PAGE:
Alas, a unique feature of Pakistan rules out such cooperation. Pakistan is probably the only country in the world that is not the permanent home of its leaders. They are all anchored abroad with their capital assets in off-shore havens and refuges in stable locations. It is also the only country that flies in leaders, has them elected from pliant constituencies, and anoints them as prime ministers.
At this very moment, we have someone flapping his wings to fly back. This peculiarity engenders a super-extractive ruling class secure in the belief that when the bottom falls out it can fly away to safety and escape the consequences of non-cooperation.
How did Pakistan get to be like this? In most countries political parties arrive at a live-and-let-live understanding to avoid tit-for-tat victimisation. Even as huge a corruption scandal as Bofors in India was not resurrected by the BJP to send Congress leaders to jail.
Such a modus vivendi breaks down with the involvement of a non-political actor whose legitimacy rests on discrediting and demonising all politicians. Our last example was Musharraf banishing leaders of all leading political parties into exile. The perpetually heightened level of insecurity forces those who can to seek safe havens outside for times when the going gets tough.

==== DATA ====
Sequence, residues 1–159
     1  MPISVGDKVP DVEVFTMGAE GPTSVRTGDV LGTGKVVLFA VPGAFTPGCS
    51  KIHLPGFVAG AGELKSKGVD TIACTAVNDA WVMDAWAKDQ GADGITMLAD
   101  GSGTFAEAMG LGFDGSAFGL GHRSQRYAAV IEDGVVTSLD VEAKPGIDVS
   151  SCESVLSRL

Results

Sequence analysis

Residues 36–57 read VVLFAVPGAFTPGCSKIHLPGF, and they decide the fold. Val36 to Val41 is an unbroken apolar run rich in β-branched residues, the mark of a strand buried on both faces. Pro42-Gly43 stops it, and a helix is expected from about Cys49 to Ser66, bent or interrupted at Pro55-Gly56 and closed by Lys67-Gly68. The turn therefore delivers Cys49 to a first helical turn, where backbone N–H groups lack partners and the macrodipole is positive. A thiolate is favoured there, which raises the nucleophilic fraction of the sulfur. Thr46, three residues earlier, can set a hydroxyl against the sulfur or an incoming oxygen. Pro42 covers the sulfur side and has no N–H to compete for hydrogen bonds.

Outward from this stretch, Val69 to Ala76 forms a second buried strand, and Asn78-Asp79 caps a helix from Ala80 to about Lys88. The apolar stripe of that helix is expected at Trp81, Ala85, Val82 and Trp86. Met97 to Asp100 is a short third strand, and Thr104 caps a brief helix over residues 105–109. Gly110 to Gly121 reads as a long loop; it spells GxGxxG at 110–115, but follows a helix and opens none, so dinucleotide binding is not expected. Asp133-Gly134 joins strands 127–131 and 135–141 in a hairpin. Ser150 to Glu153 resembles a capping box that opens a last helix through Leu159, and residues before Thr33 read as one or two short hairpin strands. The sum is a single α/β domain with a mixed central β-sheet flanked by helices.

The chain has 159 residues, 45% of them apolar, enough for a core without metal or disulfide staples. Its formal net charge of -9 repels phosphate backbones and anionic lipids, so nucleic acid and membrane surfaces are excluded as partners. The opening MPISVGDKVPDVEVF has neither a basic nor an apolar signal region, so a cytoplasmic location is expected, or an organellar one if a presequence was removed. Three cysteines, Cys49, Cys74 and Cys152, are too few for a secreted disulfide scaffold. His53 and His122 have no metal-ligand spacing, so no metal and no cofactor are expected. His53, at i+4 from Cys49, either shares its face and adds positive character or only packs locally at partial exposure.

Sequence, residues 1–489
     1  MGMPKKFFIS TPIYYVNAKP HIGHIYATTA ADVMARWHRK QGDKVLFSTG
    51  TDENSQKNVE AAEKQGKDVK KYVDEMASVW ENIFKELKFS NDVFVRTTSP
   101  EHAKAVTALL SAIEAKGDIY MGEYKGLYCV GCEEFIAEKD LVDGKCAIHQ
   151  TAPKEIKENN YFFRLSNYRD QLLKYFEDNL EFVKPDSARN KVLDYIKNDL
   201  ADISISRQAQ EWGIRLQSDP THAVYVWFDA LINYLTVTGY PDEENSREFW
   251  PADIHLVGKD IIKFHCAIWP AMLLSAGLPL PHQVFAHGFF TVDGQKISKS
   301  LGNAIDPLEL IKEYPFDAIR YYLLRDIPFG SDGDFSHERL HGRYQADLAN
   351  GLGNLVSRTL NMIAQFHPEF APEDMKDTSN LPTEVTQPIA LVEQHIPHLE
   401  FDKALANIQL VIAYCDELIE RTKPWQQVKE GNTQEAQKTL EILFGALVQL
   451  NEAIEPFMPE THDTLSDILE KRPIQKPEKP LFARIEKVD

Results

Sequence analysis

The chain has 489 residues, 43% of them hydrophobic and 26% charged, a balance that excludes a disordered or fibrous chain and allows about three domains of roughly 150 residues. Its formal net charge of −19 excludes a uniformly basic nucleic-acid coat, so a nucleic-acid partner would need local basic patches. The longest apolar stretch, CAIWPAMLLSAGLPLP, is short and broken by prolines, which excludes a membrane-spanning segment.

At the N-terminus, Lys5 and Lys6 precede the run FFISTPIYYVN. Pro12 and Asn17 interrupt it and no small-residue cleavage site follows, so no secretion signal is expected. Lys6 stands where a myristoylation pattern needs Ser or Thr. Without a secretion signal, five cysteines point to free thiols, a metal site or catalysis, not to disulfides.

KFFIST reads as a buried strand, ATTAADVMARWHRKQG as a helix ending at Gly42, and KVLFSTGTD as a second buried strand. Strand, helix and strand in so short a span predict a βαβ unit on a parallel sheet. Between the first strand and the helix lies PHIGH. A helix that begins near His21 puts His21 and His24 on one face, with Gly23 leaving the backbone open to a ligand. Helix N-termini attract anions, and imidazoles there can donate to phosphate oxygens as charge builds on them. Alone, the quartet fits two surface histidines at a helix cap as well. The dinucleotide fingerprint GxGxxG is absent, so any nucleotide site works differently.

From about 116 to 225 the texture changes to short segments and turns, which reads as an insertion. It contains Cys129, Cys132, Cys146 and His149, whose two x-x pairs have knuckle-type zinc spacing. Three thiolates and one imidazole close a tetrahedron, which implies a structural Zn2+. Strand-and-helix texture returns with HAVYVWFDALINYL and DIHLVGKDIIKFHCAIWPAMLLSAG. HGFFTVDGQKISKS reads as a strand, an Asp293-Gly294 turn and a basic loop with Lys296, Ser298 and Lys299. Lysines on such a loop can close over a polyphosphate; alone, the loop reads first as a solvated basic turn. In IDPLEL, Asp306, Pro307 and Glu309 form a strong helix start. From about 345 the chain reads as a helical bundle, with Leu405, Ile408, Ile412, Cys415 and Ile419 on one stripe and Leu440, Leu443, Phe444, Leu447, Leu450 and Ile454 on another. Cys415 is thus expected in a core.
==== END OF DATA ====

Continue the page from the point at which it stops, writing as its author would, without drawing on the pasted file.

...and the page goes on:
Where do these unavailable alternatives leave us? What is likely to happen when the bottom does fall out as it will if critical issues are not addressed and food disappears from the tables? Instead of a more organised force from outside, the fleeing elite would be replaced by marginalised groups from within the country.
Their composition would be the parting gift of the erstwhile rulers who decimated all progressive forces over 75 years and inculcated both fundamentalist legions and a fundamentalist mindset. (If in doubt browse the school curriculum.)
Pakistanis could well be looking at the Talibanisation of Pakistan. The new rulers will claim the moral high ground — to start with, they will have no assets in off-shore havens and no ranches or villas abroad.
They won’t need foreign investments to construct signal-free corridors or imports to furnish mansions with Spanish tiles, German faucets, and Czech chandeliers. Nor would they crave French cheese or Swiss chocolate or Japanese sushi.
The country will survive and, ironically, soldier on. Those who failed continually at what they were supposed to do and succeeded at what they were not, draining and consuming in the process the bulk of the country’s resources, will not be missed. In their absence, and as a consequence of their failures and pyrrhic victories, the future will reach into the past as it attempts to reshape itself.
The dream of strategic depth might at long last come true if only for a while. But soon new fault lines will emerge because a lot of people will need to make a lot of adjustments against their wills as a radically different Pakistan struggles to rise from its ashes.Anjum Altaf, "Where are we headed?," Dawn. 2023-05-27.
Keywords: Social science , Social issues , Social rights , Social reforms , Social justice